Chris Armas

By the numbers: Stuck in the middle

and, occasionally, sky blue -- would find the back of the net. With one quarter of the season in the books, that question hasn't been answered yet.

On the one hand, this is exactly what the beginning of the MLS season is for. Preseason is always more about finding which guys are actually going to be on the team than about the specifics of how they're going to play together. The number of teams making the postseason means there's no great rush to figure that second part out. However, there's a point where you have to be concerned, and after two disappointing results at home, many in the Fire faithful have reached that point.

Conventional wisdom always points to diplomatic coach-speak like, "We have to do better in the final third," and that's certainly applicable in this case. While third in the league in shots taken, the Fire rank poorly when you consider the rate at which those shots are on goal (39%, tied with Real Salt Lake and ahead of only Chivas USA and Columbus) and the rate at which shots on goal go in (20%, tied with Real Salt Lake and ahead of Columbus).

Yes, the Fire need to do better in the offensive third of the field. The question is, how? This is where I don't envy Dave Sarachan at all. He's going to have to consider some pretty tough options, and the biggest of all is going to be whether he can afford to have midfielders Chris Armas and Jesse Marsch on the field at the same time.

You have no idea how hard it was for me to write that. Armas and Marsch have been, historically, two of the first guys penciled into the lineup whenever they were available over the course of the Fire's history. They are the Fire's history, and I think the world of both of them as players. But if Sarachan is going to fix the offensive woes that are dragging this team down right now, no one can be untouchable, including those two.

What's happening recently is that, with their defensive responsibilities, neither Armas nor Marsch is in a position to really commit to joining the attack. Again, it's not even a matter of ability. They're just coming from much deeper in the midfield, and their instincts are almost always going to be more conservative going forward, so as not to risk exposure to the counterattack.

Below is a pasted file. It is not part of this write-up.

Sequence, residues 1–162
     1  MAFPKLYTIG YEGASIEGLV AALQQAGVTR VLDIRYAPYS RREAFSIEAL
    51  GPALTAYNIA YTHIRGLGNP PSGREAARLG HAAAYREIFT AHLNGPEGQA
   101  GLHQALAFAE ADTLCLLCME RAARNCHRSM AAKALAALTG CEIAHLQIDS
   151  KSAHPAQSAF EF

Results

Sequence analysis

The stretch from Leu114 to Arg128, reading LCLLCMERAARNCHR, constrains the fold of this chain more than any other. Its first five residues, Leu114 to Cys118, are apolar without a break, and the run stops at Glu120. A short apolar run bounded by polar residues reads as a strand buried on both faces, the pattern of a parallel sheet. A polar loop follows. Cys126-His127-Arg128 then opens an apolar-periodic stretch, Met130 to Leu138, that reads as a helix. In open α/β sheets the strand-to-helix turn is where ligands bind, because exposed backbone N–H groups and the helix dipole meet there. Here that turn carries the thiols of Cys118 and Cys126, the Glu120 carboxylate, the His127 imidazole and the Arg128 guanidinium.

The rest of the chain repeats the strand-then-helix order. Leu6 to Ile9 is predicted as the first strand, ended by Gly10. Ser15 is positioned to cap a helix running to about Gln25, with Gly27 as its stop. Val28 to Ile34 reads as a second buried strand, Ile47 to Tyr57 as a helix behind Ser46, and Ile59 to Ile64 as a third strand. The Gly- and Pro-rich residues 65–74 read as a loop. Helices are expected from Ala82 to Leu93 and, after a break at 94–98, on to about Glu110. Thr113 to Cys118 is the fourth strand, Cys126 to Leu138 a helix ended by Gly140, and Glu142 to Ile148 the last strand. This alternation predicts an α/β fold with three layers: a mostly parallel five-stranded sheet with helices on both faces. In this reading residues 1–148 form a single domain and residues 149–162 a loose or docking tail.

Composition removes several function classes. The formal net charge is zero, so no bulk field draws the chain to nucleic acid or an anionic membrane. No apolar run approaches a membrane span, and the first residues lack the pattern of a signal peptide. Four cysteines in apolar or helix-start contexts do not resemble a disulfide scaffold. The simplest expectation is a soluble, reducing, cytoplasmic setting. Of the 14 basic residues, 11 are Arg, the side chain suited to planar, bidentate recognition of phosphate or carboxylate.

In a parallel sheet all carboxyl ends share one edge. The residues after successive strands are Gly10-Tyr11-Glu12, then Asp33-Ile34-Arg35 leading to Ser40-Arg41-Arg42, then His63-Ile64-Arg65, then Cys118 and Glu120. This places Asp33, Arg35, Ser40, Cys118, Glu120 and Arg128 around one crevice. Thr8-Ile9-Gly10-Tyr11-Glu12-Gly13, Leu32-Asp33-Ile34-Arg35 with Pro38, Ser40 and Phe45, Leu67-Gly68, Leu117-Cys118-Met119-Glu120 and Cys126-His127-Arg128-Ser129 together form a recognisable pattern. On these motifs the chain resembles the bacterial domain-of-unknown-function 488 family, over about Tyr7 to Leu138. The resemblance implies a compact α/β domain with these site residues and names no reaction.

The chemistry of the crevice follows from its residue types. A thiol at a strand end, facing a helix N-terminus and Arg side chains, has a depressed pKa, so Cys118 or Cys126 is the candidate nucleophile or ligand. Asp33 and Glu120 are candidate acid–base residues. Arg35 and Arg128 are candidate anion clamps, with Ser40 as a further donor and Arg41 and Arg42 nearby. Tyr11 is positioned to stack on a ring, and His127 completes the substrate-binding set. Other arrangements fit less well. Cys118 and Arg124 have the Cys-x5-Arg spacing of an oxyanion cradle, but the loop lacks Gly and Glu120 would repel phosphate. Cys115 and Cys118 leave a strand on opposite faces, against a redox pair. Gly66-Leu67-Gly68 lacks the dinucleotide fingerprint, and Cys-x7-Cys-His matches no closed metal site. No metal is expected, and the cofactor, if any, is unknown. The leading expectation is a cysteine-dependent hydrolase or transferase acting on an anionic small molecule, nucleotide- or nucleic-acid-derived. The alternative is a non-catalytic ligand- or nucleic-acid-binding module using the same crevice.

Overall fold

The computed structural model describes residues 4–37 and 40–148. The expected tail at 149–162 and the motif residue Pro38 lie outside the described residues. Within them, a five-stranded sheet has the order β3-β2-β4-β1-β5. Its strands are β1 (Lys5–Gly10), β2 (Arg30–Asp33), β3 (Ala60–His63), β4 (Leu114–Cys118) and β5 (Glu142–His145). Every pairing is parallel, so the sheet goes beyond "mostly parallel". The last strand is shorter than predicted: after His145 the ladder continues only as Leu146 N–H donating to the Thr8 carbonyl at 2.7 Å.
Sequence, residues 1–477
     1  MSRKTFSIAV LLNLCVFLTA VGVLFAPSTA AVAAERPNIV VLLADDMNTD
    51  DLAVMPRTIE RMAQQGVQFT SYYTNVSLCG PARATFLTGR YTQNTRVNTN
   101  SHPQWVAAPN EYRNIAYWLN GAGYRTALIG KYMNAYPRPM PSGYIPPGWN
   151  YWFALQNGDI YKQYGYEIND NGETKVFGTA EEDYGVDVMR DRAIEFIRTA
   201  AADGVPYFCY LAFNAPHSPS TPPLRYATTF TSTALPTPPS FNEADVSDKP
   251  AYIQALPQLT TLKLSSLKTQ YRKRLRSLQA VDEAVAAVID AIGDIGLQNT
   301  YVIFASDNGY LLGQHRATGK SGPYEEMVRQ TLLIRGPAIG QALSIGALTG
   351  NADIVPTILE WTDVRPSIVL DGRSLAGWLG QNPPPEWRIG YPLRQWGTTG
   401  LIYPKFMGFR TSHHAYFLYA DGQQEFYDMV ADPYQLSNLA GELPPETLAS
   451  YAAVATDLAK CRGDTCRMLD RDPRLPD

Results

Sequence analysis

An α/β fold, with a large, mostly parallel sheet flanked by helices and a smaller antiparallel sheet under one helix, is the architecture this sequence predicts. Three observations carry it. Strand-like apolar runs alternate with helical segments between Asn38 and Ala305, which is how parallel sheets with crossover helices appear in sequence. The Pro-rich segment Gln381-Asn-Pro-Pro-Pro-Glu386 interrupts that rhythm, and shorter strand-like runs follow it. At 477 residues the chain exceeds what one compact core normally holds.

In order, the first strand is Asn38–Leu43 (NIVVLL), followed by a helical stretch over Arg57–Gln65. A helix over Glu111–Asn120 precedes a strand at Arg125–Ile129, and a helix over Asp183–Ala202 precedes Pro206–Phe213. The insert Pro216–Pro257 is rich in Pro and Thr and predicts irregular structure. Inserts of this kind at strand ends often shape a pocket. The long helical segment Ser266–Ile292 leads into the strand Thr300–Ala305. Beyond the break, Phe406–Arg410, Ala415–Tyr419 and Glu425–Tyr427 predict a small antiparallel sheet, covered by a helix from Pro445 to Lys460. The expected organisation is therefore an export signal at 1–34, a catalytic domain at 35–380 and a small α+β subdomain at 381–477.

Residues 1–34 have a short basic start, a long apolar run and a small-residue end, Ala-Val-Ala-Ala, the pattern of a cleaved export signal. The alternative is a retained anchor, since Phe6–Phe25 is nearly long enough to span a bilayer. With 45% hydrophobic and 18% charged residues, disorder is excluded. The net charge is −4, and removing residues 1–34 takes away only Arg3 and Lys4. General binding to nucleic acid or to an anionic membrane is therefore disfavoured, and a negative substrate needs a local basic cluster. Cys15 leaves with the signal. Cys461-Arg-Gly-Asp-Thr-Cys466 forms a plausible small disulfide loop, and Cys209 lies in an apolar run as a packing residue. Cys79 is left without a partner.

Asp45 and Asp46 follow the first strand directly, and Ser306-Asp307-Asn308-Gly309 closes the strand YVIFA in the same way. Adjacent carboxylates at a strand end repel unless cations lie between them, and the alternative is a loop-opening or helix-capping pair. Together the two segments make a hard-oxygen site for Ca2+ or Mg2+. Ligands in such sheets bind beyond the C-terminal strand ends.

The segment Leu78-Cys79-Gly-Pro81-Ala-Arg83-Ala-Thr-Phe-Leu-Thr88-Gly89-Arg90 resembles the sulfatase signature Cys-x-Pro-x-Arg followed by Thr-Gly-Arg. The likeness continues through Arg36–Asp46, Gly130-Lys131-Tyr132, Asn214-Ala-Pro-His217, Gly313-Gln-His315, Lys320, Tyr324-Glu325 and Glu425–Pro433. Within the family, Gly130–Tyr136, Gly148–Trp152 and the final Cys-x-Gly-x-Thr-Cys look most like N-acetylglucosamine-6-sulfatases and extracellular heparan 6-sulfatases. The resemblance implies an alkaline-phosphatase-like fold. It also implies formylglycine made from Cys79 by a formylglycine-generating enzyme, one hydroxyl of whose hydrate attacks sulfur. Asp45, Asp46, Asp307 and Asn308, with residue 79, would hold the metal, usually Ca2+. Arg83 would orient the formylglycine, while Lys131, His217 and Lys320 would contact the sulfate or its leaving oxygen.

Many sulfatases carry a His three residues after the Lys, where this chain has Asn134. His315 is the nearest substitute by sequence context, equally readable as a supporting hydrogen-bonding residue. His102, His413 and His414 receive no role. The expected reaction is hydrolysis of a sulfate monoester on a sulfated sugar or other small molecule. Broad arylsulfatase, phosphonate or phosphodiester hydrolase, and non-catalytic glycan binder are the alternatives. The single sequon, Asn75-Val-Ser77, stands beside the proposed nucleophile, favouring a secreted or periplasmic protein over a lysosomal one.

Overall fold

The result is a widening gap between the midfielders and the forwards. Playing long balls over that gap leaves the forwards without much support, so they end up taking shots that aren't dangerous.

Now, you could argue that the team could also use the wings more effectively, and you'd be right, but the point I'm making is that no option can go uninvestigated right now. The forwards have to be able to get the ball in more dangerous positions, and that's not happening.

All that said, I am seeing some things that bring me back to my usual relentless optimism. In two matches, Slovakian forward Lubos Reiter looks like the real deal. It's only going to be a matter of time -- and a matter of his strike partners giving him a bit more space and drawing some defenders away from him -- before he starts converting chances. To that end, rookie Chad Barrett has been the best at getting wide in the attack, and I'd like to see those two get a chance to play together.

The wing play is also going to get better, particularly when Tony Sanneh and John Thorrington get more familiar with each other. This could provide an intriguingly unbalanced attack on the flanks, where the right side is more about possession and the left, with Ivan Guerrero and Justin Mapp, is more about speed. The combination of those two pieces, along with Reiter getting acclimated, could make the whole question of how many defensive midfielders is too many moot.

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